Schmidtgal, 26, was born in Kazakhstan but spent most of his childhood in Germany. His career in the Bundesliga, where he plays for newly promoted Greuther Fuerth, is a frequent topic of conversation with team mates in the Kazakh national side.

“I tell them the level is very high, that you have no time in the game to think about what you’re going to do,” he said.

Kazakhstan will travel to Germany in March 2013, hoping for a better result than the 4-0 away defeat against the same opponents in the 2012 European Championship qualifying rounds.

“It’s a special game for me,” said Schmidtgal. “The game will be only five kilometres from my home there, in Nuremberg.”


Germany are favourites to top a World Cup qualifying group that also includes Sweden, Austria and Ireland. Kazakhstan’s modest goal is to finish above the Faroe Islands, ranked 12 rungs below their 142nd place in the latest FIFA world rankings.

“We are outsiders,” said the country’s Czech coach, Miroslav Beranek, “but we don’t want to play like outsiders.”

Beranek, 52, was assistant to revered coach Karel Brueckner for the swashbuckling Czech side captained by Pavel Nedved that reached the semi-finals of the 2004 European Championships.

He communicates in accented Russian, rolling passes to his players during shooting practice at the modern training complex beneath the 4,000-metre peaks of the Tien Shan mountain range.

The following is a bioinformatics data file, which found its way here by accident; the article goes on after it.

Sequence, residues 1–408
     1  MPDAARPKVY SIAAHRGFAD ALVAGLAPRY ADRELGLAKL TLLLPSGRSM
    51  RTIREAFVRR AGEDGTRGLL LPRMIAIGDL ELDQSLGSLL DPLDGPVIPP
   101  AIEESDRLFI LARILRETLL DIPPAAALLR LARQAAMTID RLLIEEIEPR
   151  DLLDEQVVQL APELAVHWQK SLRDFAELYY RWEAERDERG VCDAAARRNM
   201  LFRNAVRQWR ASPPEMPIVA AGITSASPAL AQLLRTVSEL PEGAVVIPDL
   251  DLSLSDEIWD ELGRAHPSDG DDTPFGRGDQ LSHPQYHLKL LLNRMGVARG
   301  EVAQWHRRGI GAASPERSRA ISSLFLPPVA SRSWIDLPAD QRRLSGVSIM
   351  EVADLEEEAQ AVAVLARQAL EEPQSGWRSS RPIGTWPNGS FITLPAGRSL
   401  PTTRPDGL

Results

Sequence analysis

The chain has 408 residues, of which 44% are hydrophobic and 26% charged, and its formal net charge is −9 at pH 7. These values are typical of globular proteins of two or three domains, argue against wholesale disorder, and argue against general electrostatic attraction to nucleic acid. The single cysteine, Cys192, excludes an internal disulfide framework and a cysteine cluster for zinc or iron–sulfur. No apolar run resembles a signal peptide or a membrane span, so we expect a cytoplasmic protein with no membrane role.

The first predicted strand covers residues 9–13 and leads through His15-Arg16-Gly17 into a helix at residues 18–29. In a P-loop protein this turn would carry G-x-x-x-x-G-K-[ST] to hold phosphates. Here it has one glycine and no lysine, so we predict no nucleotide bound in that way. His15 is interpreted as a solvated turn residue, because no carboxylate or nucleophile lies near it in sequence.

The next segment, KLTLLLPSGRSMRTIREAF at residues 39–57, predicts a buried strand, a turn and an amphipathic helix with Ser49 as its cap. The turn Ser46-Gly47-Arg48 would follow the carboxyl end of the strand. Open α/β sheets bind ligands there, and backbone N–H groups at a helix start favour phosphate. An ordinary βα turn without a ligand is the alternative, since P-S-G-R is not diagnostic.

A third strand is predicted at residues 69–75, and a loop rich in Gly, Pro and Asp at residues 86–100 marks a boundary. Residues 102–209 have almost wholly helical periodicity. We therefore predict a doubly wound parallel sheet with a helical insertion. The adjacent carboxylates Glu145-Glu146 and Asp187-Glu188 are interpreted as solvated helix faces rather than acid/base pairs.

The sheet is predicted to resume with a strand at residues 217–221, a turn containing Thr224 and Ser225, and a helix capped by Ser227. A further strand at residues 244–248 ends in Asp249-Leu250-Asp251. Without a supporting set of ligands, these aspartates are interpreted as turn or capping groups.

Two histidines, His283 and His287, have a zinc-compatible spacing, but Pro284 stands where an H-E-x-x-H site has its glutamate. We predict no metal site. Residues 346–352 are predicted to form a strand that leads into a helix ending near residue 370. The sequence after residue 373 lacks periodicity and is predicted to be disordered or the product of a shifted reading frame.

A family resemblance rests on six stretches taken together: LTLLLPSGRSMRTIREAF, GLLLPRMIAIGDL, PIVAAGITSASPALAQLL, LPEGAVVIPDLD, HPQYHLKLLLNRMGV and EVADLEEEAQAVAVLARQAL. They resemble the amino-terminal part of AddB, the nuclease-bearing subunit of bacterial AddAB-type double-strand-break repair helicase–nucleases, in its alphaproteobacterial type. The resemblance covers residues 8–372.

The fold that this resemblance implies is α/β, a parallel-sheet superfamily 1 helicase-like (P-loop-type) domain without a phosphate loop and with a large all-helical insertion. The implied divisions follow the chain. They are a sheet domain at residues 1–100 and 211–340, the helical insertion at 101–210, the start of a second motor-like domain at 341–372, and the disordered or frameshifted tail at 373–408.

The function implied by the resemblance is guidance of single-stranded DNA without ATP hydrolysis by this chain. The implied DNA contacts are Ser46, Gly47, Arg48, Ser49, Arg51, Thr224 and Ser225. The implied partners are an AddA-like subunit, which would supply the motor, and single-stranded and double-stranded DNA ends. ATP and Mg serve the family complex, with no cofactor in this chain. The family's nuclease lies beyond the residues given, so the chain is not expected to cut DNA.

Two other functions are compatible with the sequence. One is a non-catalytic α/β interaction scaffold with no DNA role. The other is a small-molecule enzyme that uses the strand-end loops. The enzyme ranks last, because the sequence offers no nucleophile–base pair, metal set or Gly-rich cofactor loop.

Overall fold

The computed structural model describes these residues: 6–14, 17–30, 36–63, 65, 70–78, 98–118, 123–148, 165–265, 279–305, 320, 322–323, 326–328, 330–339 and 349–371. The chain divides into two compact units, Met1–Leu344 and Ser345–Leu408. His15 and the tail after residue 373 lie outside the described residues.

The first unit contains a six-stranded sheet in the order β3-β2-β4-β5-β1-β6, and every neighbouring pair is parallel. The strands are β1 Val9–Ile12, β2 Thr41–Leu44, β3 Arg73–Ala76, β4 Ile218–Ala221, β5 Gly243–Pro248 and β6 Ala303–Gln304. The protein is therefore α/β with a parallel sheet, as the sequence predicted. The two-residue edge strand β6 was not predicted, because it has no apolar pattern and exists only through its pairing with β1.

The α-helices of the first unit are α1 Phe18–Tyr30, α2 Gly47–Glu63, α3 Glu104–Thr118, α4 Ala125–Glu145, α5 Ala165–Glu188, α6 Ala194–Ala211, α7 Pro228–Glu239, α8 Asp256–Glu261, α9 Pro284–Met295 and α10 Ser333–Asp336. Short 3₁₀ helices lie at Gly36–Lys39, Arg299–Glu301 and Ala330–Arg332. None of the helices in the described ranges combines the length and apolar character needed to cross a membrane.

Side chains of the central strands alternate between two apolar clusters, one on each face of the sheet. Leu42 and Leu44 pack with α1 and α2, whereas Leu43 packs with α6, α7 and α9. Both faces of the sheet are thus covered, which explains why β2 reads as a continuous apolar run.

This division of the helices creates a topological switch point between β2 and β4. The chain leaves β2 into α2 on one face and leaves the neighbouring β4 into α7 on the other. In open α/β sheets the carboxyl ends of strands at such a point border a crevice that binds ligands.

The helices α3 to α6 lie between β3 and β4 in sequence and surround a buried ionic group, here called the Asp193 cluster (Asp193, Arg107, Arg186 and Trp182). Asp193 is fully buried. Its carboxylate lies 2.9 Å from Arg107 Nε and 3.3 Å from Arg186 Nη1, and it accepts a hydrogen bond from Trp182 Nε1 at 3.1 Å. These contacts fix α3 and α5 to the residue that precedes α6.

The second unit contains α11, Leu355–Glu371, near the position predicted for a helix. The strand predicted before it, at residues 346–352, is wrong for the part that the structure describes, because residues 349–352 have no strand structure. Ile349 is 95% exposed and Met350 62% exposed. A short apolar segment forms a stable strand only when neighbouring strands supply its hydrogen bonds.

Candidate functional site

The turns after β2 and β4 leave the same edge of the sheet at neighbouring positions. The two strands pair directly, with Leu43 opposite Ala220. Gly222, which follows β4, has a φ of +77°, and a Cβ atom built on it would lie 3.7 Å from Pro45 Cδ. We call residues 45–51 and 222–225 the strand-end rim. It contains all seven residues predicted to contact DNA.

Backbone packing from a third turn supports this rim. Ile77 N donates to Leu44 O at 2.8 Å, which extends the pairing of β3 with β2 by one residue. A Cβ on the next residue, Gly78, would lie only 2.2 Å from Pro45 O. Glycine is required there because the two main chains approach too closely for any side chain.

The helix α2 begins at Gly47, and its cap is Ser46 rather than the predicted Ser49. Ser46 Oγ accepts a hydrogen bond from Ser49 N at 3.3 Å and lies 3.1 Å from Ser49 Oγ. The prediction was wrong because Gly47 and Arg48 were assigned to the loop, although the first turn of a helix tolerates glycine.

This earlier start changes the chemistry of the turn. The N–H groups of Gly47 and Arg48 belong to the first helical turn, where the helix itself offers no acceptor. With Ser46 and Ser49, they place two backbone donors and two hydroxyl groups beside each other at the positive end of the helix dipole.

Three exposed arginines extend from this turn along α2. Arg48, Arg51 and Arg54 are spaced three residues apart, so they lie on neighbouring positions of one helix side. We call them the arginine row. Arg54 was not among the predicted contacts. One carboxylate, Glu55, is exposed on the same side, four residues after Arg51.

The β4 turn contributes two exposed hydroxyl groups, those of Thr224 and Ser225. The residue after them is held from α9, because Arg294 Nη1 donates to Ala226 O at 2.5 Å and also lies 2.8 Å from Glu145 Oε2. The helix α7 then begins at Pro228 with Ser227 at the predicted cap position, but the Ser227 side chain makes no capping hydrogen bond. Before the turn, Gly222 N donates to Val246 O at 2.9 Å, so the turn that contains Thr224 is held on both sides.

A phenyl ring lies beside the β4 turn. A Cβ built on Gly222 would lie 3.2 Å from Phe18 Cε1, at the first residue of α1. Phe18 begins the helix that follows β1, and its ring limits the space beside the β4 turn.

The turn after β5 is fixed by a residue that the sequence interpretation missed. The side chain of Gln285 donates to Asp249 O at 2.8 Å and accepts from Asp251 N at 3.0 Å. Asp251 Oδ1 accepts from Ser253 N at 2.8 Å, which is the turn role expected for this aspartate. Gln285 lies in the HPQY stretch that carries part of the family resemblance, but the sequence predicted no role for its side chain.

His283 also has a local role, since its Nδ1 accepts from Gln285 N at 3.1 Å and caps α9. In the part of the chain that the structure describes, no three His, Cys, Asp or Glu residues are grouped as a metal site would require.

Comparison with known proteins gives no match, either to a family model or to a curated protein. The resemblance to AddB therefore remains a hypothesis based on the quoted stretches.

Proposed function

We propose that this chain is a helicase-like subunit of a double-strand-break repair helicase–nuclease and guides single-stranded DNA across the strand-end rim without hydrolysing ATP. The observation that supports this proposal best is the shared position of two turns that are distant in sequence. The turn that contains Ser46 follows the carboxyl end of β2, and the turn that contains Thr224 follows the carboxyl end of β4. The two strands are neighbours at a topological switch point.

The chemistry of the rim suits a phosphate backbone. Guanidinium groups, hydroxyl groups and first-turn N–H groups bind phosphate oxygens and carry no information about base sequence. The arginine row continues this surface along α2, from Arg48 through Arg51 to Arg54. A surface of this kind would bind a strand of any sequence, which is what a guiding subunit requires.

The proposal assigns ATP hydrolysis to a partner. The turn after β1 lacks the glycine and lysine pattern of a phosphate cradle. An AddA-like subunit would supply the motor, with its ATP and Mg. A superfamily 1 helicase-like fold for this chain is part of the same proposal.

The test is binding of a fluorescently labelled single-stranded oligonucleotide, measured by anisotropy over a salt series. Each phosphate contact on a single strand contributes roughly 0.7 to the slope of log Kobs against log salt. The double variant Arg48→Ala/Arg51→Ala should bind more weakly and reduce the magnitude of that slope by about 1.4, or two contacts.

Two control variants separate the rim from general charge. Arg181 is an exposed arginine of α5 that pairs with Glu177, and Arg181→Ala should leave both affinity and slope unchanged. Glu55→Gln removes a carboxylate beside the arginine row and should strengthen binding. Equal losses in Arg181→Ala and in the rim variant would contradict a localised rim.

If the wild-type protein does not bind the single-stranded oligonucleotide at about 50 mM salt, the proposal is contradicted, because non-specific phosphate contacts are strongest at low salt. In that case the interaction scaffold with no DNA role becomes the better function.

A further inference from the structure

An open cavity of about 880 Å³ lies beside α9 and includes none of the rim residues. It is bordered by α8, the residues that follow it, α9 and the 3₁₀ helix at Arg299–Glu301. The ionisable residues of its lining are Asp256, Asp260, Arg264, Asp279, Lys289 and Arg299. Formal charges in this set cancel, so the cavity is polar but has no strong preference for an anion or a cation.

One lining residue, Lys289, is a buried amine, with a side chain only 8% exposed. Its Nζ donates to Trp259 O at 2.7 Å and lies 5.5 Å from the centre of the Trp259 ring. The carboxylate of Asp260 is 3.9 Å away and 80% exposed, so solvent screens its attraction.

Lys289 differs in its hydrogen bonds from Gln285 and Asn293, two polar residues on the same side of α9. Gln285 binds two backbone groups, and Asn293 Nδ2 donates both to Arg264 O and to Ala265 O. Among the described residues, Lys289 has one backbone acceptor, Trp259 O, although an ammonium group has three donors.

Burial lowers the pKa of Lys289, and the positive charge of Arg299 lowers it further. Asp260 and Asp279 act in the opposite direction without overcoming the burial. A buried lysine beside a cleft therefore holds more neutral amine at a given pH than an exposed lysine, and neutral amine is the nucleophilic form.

The secluded Talgar complex, with a hotel, gym and massage rooms, is part of the federation’s investment in new facilities. Since 2009, home matches have been played at the 30,000-capacity Astana Arena, a stadium in keeping with the futuristic skyline of a capital city built on abundant oil wealth.

A separate youth development programme brokered by Nazarbayev has also sent some of Kazakhstan’s most promising teenagers to the Ole Brasil football academy in Sao Paulo state.

Rauan Sariyev, one of the original batch of 26 teenagers sent in 2009, signed for leading Brazilian club Atletico Mineiro before this year moving to Botafogo SP. The next group of 14-year-olds will depart for Sao Paulo by the end of this year.

Despite such lofty ambitions, Kazakhstan still ranks far below its Central Asian neighbour Uzbekistan. Seventieth in the FIFA world rankings, Uzbekistan is competing in the final round of World Cup qualifiers in the Asian region.

Kazakh officials argue that Uzbekistan’s ranking, relative to their own, is boosted by a greater amount of matches against weaker opposition. Experience gained by playing Europe’s leading sides will improve the level of Kazakh football, they say.